An example is the Mitsubishi MELSEC FX2NC. In a housing just 30mm by 90mm by 75mm, this PLC packs 16 inputs. To programme it, OEMs simply use the familiar MM+ or PCS WIN programming tools that they use for the full size
Where next – to java?
Ladder logic and even IEC61131-3 were to some extent developed to suit historic approaches to programming industrial controllers, but although the tools are standardised, the resulting programmes cannot easily be re-used. Taking a programme written for a PLC from one vendor and running it on a PLC from another vendor is still a long way off.
In the IT industry, market pressure for applications that will run on MAC, PC, UNIX or any other flavour of platform (initially for the WWW) has given rise to JAVA. JAVA provides truly platform independent code because the programming interface has been removed from the direct control of the hardware. JAVA code is also highly re-usable because it is object oriented and because its structure breaks code into discrete component applications (called Classes or APIs). It is important to appreciate that JAVA is a programming environment and not a Real Time Operating System (RTOS). An example of an RTOS (subject to much debate) is Microsoft’s Windows CE.
JAVA is more than a programming environment, it is a method of programme construction and operation that offers many benefits over C and C++. For example, JAVA is able to employ classes not resident on the target machine, calling them down from a remote server as needed. Also, JAVA has eliminated pointer features that allow badly behaved code to reach out and disrupt other parts of the programme.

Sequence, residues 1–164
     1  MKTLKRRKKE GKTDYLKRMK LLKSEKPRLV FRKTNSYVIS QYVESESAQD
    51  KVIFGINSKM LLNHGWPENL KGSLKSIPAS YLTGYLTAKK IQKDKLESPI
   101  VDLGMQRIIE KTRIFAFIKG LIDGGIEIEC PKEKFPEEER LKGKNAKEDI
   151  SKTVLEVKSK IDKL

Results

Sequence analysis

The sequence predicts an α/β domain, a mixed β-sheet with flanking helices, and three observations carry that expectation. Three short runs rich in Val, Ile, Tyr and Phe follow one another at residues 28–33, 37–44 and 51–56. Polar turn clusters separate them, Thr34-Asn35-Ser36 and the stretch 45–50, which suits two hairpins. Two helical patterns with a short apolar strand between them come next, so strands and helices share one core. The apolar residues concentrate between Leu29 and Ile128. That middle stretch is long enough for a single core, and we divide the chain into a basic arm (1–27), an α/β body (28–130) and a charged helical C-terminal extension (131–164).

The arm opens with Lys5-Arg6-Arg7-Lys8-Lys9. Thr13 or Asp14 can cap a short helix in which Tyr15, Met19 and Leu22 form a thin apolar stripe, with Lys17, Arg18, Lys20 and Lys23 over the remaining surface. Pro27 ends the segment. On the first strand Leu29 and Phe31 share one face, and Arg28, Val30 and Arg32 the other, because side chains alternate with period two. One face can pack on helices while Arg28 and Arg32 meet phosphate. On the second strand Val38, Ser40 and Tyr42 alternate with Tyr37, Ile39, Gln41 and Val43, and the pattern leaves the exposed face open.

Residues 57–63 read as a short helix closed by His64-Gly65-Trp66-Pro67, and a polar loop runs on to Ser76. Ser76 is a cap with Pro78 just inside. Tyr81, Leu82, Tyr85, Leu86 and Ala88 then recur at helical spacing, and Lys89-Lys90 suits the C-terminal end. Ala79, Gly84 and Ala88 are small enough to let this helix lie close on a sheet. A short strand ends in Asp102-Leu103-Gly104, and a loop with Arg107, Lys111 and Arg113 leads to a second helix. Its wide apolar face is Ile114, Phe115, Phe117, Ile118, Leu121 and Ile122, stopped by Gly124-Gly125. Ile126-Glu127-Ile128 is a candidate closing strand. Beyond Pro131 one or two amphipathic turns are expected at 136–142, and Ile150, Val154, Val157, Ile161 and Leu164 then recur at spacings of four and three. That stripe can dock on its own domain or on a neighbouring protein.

How can these benefits of JAVA be harnessed for industrial automation? Quite simply, it will require a JVM or JAVA Virtual Machine that can be run in the operating system of the target machine. At present, availability of JVMs is biased towards 32 bit processors, but modified versions are being developed for the 8 and 16 bit processors common in industrial controllers.
There is, however, a down side. In the case of JAVA, there are two key problems: memory efficiency and lack of determinism.
Because JAVA involves several layers of operation, the user’s JAVA program, the JAVA classes used, the code libraries to support the classes, the JVM itself and the operating system, the total requirement is greater than for an embedded controller. Similarly, because JAVA is compiled at run time, and some classes may need to be fetched across a network, operation may be slow.
Together these two factors make for unpredictable and variable execution time which is undesirable for real-time industrial control. However, developments in processor power and speed have made good old Ethernet so fast that similar limitations no longer matter and it is being adopted for higher levels of industrial networking including Fieldbus.
I believe that something similar will happen to JAVA platforms. For example, Mitsubishi has recently demonstrated ‘JAVA on a chip’, by porting the JAVA language to an M32R/D microprocessor with its 42MB of DRAM, 2kB of cache SRAM on board a 32bit RISC processor.